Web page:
Adapted from a recent online discussion.
Working long hours often keeps us from the things we value
Bay Area: How do people work so much? Seriously. Maybe I'm a big baby, because I've had a real job for only 2 1/2 years and in school I did summer camp and restaurant jobs, but I am baffled by people who work 60 to 80 hours per week.
I work hard and I'm good at my job, even though I hate it, because it's getting me somewhere I want to go. But even 50 hours per week means I don't work out or cook or see my boyfriend. I consider these elements of a life worth living, and I guess I'm just wondering how people make it all fit (with KIDS!?).
I feel like a wimp because I'm so overwhelmed working hours that seem like they should be reasonable. Is it an age thing? My friends seem similarly overwhelmed, we're 24-25ish.
Carolyn: I don't think it's about age. Maybe you aren't in the 50-hour habit yet, but you can be in the habit and still object.
I, for one, find it appalling/discouraging/soul-sucking the amount of time people spend at work these days. It's bad for health, bad for relationships, bad for kids, bad for pets, bad for neighborhoods, bad for homes and gardens and arts and other expressions of our less linear selves — essentially bad for all the things we "work" for. Meanwhile we're told that Americans are fat and sedentary, drive angry, let TV raise our kids, shoot each other at astonishing rates, don't read enough, and feel alienated? No kidding.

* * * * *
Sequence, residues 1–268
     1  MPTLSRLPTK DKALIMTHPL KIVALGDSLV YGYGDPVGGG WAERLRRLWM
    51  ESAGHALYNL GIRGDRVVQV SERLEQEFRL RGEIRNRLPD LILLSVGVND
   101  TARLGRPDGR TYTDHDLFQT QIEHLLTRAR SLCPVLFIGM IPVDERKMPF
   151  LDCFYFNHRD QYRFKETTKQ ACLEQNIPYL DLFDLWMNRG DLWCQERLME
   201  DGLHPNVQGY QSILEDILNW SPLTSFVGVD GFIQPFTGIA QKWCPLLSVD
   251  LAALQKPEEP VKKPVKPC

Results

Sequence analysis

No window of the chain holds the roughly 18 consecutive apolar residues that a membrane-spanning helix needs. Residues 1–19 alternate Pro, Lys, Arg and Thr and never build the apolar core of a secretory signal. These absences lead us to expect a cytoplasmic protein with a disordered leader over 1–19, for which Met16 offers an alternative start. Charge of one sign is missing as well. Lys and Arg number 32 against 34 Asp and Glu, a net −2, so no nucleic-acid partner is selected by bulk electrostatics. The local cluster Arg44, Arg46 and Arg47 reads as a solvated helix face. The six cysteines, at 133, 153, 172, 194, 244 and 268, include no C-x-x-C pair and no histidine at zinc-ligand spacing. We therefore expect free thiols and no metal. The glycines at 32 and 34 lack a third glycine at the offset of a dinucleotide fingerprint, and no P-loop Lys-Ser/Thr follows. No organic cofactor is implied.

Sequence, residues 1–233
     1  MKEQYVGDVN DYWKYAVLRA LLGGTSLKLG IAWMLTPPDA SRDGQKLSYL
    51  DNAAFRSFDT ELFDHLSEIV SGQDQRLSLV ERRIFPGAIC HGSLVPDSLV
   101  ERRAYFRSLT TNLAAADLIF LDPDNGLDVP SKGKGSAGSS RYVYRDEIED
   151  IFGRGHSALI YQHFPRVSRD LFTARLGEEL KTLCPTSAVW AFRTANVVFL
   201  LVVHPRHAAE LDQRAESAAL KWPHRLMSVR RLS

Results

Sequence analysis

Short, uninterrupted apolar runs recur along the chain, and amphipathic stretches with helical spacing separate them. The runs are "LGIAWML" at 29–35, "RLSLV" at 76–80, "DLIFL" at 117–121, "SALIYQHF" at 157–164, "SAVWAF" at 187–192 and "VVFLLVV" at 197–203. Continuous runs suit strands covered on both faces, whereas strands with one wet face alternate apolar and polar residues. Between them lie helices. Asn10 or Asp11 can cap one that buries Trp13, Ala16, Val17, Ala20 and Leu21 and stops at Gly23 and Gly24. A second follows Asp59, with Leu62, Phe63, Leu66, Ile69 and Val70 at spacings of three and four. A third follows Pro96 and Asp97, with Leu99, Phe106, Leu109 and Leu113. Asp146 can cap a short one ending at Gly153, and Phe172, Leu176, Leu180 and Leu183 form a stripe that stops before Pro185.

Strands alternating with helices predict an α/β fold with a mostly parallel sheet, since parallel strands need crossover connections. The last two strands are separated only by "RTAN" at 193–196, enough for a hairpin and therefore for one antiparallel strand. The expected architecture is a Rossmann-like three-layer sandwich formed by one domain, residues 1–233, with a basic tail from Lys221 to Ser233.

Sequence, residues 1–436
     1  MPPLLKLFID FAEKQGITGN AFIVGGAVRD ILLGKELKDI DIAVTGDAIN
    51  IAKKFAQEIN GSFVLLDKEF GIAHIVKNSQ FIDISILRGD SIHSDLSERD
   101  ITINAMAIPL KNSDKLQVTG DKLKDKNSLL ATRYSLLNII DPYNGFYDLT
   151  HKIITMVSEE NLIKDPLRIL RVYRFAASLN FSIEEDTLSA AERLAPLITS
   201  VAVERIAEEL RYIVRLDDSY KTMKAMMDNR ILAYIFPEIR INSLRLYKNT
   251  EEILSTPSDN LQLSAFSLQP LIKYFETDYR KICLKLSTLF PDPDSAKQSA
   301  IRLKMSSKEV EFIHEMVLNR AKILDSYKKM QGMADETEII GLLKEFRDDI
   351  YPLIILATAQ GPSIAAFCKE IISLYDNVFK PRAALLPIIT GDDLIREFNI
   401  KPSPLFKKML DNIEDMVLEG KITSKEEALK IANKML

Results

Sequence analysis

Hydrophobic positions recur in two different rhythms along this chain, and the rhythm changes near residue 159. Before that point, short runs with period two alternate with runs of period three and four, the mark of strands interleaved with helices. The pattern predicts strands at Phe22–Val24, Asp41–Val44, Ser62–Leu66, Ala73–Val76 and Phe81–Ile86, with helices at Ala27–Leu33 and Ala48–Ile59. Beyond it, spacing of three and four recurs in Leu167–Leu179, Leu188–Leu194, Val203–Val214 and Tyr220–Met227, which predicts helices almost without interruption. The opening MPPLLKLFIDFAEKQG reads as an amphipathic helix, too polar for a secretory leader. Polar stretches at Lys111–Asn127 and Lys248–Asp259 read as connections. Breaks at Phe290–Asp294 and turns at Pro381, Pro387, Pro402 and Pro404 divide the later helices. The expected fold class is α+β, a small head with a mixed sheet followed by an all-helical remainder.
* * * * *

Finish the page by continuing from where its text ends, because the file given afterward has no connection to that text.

It's worse now that people with jobs — the lucky ones — have absorbed the workloads of people who have lost their jobs.
I don't mean to sound so pessimistic and angry. People can and do resist this cultural acceleration of the assembly line.
But it's hard to leave at 5 when everyone's slogging till 7. Flexible careers and companies offer relief, but those are in high demand. Two-income households can go down to one income, but, in addition to the financial-security risk, that often means moving — out of the great school district, into a long commute, or even just away from what feels like home. Without independent wealth, opting out can dent the very quality of life we're trying to restore.
And many don't want to opt out of jobs — just the mad hours. Entirely different things.
I don't know what the answer is, except for each person to fight for quality-of-life priorities, and hope that, culturally, we come to our senses.
Anonymous: To Bay Area: I work a lot too — but it doesn't stink. I love what I do. I think that helps a lot. I'm also friends with many of my co-workers, so when the inevitable late nights occur, we order in dinner and usually end up punchy. My employer also helps: We have a gym in the building, they host monthly happy hours and sponsor volunteer opportunities.
In other words, there are some ways to force a little balance.
Carolyn: That does help — but it still makes colleagues your de facto family.
There have always been, and always will be, people who choose long hours. No objection there. It just seems compulsory now, sucking in people who would otherwise be caregiving, library-using, bulb-planting, community-building. That's a society's loss.